Of the repertoire of works for chorus and orchestra from the nineteenth century, Dvorak’s Stabat Mater must be one of the more rarely heard; yet it is undoubtedly a masterpiece. Part of the reason may be the strange incongruity between the somewhat austere 13th century text and its expression through full-blooded Romanticism. The poem (attributed to a Franciscan friar) is one of is one of unremitting sorrow until the fleeting vision of paradise in the last stanza. Dvorak, however, has given us a work full of variety in mood, key and texture. Saturday’s concert allowed the large and appreciative audience to hear all the different groupings of musicians which make up the whole ensemble expressing this text, each in their own particular way – full chorus, women’s and men’s voices alone, soloists individually and in duet and quartet, and the varied colours of the orchestra. Only in the finale did the full power of the tutti find expression in a splendid fugue and Amen before the final, peaceful coda.
In recent years, it has been noticeable that the Society has put considerable emphasis on finding a strong and balanced solo team. This performance certainly bore witness to the effectiveness of this strategy. Helena Dix (soprano), Sophie Dicks (Mezzo Soprano), Christopher Turner (Tenor) and Dawid Kimberg (Baritone) were all superb in their own individual ways, yet they blended perfectly in their different permutations. Of particular note was a beautifully-phrased duet between soprano and tenor.
In a work such as Dvorak’s Stabat Mater, the interplay between soloists, chorus and orchestra is highly intricate yet essential to the spirit of the composition. There was much sensitive playing with some well-shaped and tonally colourful solo instrumental lines, yet there was the feeling that more rehearsal, with chorus and orchestra together, would have been beneficial, to develop the subtle interplay of instrumental and vocal colours.
Without doubt the performance grew in confidence and musical depth as the work progressed. The opening is cruelly exposed, with its orchestral octaves and solo lines, and its important entry by the chorus tenors. By the time we heard the men’s and women’s voices in their own verses, confidence had grown and these sections were tonally rich and assured.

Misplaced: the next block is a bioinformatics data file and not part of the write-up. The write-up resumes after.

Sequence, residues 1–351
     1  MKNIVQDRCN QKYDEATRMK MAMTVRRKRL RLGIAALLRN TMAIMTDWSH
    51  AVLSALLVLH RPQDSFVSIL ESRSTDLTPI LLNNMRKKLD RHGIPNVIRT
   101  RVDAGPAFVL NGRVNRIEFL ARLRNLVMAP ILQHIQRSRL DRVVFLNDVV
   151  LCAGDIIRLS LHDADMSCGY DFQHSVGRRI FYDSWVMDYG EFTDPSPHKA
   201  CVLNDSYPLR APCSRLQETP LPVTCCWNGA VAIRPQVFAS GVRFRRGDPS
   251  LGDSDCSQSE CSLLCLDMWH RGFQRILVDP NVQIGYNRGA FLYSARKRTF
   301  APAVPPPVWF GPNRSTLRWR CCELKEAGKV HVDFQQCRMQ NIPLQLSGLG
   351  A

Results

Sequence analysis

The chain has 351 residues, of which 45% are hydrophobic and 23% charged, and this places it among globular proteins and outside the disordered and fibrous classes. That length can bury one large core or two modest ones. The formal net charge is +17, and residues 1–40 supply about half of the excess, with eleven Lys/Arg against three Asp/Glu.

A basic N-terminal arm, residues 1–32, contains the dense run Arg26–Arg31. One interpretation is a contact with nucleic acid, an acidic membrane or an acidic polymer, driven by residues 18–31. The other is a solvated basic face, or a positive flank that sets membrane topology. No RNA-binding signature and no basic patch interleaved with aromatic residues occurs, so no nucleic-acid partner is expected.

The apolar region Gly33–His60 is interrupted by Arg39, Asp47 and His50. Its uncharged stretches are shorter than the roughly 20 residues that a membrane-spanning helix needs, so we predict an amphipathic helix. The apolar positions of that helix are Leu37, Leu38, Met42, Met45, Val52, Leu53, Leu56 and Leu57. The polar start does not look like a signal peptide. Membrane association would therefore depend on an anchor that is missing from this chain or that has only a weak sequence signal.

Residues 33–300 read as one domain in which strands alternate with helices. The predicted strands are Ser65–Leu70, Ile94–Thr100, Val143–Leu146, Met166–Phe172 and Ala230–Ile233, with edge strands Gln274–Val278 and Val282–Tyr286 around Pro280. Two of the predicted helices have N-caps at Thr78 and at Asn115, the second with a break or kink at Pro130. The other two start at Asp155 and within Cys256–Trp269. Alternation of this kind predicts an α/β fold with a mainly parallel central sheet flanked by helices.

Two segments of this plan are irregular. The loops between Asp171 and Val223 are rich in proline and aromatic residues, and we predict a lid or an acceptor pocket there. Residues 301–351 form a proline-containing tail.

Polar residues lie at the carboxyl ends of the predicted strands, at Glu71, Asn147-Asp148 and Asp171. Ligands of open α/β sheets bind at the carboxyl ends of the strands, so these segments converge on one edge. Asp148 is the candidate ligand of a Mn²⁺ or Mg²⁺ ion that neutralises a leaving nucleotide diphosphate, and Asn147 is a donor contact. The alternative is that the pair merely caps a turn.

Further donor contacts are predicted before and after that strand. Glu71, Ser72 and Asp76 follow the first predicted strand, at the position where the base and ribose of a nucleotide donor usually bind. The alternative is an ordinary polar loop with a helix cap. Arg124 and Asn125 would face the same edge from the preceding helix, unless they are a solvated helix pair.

The work was conducted by Matthew Scott Rogers, a newcomer to the Tonbridge Philharmonic, and a director who brings a wealth of experience working with professional musicians at the highest level. His restrained, yet authoritative, style of leadership made considerable demands on both chorus and orchestra, yet they responded magnificently, appreciating his considerable gifts in interpretation and shaping of this large work. The chorus was not given the overtly enthusiastic encouraging gestures often used by conductors to get the best out of amateur singers; but they knew they had to deliver, and they did. Matthew put great emphasis on the shaping of phrases and dynamic balance. His conducting style was immaculate in expressing his intentions, revealing his detailed understanding and knowledge of this complex score.
After much introspective music, it was a revelation to hear the full force of the ensemble in the final energetic fugue. The singing and playing overflowed with tightly-sprung energy and power – a moment of great excitement before the hushed epilogue. An evening to remember. Congratulations to Matthew Scott Rogers and his large team of musicians.